"You know, it took me a while because I'm a human being, of course, and I'm a person who has feelings," Beltran told reporters in his first public comments on his disagreement with the team. "It took me like a week for me to forget everything and focus on what is important for me. What is important for me right now is just to be with the team, be ready, and being able to play."
The Mets said they had given Beltran permission to get a second opinion from a knee specialist in Colorado, but asked him to hold off on surgery so the team could study its medical options and potentially get a third opinion. Beltran said he had followed the directions of his doctors and that the team had said nothing to him until it was too late.
Dr. Richard Steadman, who offered the second opinion, operated on Beltran, removing cartilage fragments and inflammation, and shaving bone spurs. His recovery time was estimated at 8 to 12 weeks.
Monday, Beltran walked into the clubhouse without a noticeable limp. He said he will spend the coming weeks rebuilding strength in his knee, having re-established range of motion.
"I'm right on schedule," Beltran said of his rehab. "I'm not ahead of schedule because I don't feel like my knee right now is too stable. I wish I could run. But right now I don't feel like that. I feel like if I run, something wrong is going to happen, because the quad is not stable, the hamstrings are not stable. Once I strengthen those areas, I think everything else is going to fall in place and it's going to be feeling good."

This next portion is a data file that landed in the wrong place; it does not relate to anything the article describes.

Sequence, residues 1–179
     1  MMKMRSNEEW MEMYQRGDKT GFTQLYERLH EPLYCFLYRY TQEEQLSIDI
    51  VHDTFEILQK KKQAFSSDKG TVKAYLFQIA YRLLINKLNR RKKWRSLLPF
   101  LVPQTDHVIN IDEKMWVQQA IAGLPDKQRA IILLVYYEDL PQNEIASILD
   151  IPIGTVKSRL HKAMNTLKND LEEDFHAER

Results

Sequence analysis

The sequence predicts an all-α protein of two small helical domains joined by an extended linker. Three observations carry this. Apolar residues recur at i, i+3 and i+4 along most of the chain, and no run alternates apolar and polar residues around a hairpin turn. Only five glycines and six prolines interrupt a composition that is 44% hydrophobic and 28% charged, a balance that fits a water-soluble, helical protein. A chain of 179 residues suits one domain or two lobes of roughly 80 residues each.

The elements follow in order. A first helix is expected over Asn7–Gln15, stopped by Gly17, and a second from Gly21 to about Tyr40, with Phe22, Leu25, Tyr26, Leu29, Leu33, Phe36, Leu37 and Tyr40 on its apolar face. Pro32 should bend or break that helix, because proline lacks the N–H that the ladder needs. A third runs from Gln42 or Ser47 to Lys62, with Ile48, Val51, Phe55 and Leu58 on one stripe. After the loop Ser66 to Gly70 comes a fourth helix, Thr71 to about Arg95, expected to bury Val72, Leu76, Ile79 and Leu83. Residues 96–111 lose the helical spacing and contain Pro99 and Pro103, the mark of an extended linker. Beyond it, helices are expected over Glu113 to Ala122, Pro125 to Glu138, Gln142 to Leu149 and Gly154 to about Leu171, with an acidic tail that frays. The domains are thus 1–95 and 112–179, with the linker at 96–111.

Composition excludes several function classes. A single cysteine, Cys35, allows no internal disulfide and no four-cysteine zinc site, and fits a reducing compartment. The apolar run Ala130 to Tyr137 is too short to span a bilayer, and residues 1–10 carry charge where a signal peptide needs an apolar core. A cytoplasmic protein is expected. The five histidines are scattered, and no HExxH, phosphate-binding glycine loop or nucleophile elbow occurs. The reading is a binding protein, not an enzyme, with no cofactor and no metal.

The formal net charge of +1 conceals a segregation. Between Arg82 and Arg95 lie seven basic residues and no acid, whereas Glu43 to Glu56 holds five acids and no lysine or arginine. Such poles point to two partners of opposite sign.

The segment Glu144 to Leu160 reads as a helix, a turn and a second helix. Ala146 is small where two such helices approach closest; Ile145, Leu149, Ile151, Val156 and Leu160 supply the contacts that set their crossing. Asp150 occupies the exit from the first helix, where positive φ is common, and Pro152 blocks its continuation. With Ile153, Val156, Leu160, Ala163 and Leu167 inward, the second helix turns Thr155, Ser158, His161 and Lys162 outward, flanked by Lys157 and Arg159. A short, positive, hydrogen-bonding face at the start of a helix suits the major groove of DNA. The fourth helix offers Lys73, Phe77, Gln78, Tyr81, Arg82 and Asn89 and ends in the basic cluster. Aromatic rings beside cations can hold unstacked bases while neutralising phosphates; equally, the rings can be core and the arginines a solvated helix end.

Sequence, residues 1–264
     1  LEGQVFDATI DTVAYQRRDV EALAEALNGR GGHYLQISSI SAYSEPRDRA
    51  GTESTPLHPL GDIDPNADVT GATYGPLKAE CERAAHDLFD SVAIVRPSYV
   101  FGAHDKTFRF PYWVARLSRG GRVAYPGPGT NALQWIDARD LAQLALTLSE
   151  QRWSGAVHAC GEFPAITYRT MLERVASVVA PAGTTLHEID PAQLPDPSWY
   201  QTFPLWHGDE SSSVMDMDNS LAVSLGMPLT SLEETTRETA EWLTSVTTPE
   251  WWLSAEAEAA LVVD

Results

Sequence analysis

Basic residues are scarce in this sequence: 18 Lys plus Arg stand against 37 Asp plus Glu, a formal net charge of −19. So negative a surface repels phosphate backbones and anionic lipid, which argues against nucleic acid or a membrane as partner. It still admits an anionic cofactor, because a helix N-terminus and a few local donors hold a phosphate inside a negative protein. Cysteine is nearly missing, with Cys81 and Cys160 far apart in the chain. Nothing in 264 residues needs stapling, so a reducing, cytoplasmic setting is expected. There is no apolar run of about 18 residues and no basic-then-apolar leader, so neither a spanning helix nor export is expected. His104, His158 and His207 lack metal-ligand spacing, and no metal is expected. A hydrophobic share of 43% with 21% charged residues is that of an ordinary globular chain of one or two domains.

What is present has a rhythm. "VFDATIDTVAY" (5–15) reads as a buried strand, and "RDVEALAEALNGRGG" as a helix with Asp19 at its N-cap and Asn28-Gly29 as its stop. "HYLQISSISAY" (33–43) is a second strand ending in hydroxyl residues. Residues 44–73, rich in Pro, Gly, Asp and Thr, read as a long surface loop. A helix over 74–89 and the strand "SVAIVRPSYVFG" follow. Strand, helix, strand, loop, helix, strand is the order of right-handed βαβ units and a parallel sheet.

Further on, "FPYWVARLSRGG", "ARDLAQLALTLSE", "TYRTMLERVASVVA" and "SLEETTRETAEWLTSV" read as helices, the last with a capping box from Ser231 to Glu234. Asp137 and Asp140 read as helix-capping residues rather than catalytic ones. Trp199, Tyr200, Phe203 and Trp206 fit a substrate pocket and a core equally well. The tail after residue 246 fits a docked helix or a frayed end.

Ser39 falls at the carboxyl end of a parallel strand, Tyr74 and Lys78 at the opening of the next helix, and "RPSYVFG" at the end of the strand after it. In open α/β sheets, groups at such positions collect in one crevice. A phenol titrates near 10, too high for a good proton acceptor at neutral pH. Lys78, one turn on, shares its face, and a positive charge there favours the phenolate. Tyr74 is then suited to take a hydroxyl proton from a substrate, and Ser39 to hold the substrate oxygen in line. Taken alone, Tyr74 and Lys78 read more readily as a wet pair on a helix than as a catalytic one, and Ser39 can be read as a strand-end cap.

Beltran said he noticed an improvement in his knee right away after the procedure.
"The doctor said to me when he went inside, he said to me actually that he couldn't believe how I was playing with so many little pieces floating around the knee," he said. "When he cleaned those out, he said, 'You're going to feel 100 percent the day after I do the surgery.' And actually that's how I felt. When they did the surgery, the day after I was riding the bike. No pain. Moving the knee. Bending the knee. No pain.
Only time will tell if the surgery was a success, Beltran said. "But right now I'm really positive. I'm very happy with the outcome. I'm looking forward to continue to strengthen the quad and strengthen the knee and make it to the point where I can go out and run. That will be the biggest test - being able to run and do baseball activity pain free."